As promised, I want to share some links with you. Like I said in the talk, I made my own slide show display all in Atom-Shell itself using Polymer. Here’s the source: https://github.com/bengfarrell/atomicdesktoppower.
Though, the slide deck ITSELF was an Atom-Shell demo, I did have some more targeted C++/Node.js addons demoed. The first was a simple “hello world” addon, followed by a library that generated random 2d/3d coordinates to make a red div box move in my HTML page. The third was a performance test showing how fast we can count to a billion with Node.js vs a Node.js C++ addon. All of these demos can be installed using apm/npm inside my slide deck, but they are also part of a separate standalone repo here: https://github.com/bengfarrell/genericnodeaddon.
I also used/mentioned NAN, or Native Abstractions for Node.js” to deal with the changeover happening from Node v0.10 to v0.11 when you write C++ addons. And of course, since Atom-Shell uses v0.11, it was important to my talk!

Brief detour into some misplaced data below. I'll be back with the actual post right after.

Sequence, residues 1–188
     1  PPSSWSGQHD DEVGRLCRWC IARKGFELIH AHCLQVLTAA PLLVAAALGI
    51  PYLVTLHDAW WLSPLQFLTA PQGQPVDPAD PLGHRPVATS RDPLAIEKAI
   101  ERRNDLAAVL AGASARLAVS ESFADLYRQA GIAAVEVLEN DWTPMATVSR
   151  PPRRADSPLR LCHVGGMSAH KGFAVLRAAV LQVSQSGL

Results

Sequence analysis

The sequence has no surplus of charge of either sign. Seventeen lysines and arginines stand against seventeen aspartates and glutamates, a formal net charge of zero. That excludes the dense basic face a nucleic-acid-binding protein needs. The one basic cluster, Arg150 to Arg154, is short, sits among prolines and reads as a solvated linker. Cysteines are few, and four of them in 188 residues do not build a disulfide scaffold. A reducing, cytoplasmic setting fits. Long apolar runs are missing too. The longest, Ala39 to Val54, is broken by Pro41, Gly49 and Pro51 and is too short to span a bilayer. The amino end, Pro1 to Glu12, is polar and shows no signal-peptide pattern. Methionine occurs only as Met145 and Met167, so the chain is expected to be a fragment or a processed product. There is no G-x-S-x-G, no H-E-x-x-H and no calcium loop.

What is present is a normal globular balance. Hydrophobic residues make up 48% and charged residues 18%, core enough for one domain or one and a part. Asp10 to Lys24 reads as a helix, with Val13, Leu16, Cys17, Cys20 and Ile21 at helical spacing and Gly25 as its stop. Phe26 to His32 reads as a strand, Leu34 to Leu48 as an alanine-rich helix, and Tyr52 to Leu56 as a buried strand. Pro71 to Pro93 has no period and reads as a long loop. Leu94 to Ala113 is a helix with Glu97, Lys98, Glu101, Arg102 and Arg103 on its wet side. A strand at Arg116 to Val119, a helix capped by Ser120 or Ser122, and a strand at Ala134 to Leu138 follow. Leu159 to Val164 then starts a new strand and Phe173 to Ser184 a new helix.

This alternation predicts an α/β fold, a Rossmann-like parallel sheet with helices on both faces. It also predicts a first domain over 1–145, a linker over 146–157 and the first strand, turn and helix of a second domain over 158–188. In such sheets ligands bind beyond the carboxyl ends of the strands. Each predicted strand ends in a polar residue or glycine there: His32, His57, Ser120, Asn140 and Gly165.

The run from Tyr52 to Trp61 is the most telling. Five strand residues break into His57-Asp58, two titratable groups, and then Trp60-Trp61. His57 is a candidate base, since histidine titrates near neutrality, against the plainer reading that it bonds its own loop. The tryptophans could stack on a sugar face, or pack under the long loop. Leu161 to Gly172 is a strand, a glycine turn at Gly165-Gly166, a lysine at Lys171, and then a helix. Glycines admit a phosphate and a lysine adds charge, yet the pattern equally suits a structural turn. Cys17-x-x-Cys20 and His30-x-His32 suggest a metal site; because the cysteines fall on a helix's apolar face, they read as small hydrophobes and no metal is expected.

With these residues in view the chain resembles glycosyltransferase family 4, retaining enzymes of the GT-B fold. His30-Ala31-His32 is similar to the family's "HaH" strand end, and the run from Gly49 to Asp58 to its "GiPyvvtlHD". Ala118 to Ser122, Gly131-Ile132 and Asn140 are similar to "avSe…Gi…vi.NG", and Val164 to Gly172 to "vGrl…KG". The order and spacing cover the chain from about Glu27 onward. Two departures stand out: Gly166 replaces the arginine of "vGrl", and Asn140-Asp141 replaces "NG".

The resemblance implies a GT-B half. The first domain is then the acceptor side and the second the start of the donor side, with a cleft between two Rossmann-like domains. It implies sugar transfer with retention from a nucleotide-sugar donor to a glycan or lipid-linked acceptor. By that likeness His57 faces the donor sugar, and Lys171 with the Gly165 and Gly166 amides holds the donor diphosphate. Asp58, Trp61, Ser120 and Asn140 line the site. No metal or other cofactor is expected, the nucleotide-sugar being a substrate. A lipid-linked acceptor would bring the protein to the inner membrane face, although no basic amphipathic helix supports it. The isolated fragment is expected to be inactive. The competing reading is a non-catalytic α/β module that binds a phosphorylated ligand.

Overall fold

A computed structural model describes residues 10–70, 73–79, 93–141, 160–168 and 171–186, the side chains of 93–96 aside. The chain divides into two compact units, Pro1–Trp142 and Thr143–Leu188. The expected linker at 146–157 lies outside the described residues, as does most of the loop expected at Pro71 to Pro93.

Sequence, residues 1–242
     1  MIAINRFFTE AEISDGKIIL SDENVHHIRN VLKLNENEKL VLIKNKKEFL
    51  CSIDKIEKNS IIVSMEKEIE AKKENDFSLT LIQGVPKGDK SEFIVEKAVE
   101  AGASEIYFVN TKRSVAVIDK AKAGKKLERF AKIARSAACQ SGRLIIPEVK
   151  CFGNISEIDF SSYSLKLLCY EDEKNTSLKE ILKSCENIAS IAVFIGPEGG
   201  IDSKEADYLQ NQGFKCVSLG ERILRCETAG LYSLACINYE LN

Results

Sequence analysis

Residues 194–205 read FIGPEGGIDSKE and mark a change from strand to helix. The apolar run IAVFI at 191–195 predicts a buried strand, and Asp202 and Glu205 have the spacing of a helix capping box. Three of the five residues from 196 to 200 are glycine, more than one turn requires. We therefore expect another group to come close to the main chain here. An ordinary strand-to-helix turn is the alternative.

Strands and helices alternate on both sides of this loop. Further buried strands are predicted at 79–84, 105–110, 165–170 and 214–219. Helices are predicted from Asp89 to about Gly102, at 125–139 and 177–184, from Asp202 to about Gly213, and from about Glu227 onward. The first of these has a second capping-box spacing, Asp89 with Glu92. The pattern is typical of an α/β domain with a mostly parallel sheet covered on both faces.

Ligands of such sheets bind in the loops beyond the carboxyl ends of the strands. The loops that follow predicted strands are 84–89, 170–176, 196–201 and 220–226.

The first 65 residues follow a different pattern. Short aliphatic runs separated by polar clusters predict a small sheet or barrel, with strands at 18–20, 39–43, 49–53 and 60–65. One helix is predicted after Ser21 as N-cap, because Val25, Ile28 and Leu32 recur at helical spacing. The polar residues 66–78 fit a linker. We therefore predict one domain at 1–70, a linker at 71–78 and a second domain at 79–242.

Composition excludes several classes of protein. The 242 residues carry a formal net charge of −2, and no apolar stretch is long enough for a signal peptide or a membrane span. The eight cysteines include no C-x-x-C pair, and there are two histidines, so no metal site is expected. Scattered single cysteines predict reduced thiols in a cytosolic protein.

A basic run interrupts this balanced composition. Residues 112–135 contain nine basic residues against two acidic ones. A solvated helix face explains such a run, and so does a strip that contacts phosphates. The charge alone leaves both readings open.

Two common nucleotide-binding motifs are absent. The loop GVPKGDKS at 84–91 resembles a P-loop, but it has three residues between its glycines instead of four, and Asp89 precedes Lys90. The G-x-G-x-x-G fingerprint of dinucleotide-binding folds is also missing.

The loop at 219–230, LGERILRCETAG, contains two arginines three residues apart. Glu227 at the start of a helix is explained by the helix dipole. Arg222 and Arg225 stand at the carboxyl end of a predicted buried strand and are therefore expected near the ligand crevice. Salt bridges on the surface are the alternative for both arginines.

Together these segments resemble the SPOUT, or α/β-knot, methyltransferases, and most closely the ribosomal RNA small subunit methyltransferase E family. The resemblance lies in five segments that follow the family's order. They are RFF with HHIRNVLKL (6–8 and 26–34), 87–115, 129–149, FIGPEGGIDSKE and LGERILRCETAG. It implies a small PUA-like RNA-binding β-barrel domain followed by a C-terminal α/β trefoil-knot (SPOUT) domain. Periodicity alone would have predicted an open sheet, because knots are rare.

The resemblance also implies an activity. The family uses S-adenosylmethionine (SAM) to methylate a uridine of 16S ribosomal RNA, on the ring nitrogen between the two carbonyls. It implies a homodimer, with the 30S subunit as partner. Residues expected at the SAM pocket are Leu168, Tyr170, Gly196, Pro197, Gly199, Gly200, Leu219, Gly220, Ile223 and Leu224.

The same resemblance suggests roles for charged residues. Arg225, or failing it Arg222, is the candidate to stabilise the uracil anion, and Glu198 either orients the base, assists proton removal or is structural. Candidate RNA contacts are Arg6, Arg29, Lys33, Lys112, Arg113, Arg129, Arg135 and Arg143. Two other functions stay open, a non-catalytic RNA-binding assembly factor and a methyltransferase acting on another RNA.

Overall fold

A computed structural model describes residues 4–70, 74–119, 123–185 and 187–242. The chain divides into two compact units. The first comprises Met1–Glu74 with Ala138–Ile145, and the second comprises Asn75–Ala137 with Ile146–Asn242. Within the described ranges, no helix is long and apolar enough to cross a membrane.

I also briefly mentioned OpenCV for Node. I showed a quick facial recognition demo working from my Atom-Shell based slide deck. You can install this over NPM or grab it from Peter Braden’s github repo: https://github.com/peterbraden/node-opencv. Also, while OpenCV is cool, it’s a bit more difficult to install on Windows, so I documented it all here: https://github.com/bengfarrell/installing-node-opencv.
Lastly, if you’re still confused what Atom-Shell is (I hope you’re not!), you can check out the Atom-Shell page and documentation here: https://github.com/atom/atom-shell/tree/master/docs. Downloadable releases can be found on this page: https://github.com/atom/atom-shell/releases. Differences to Node-Webkit came up, and you can see the documentation that Github wrote talking about that: https://github.com/atom/atom-shell/blob/master/docs/development/atom-shell-vs-node-webkit.md.
That should do it! If you came to my talk, thanks so much for coming. It was tons o fun, and I was quite happy to meet and talk with everyone that came up to ask questions afterward.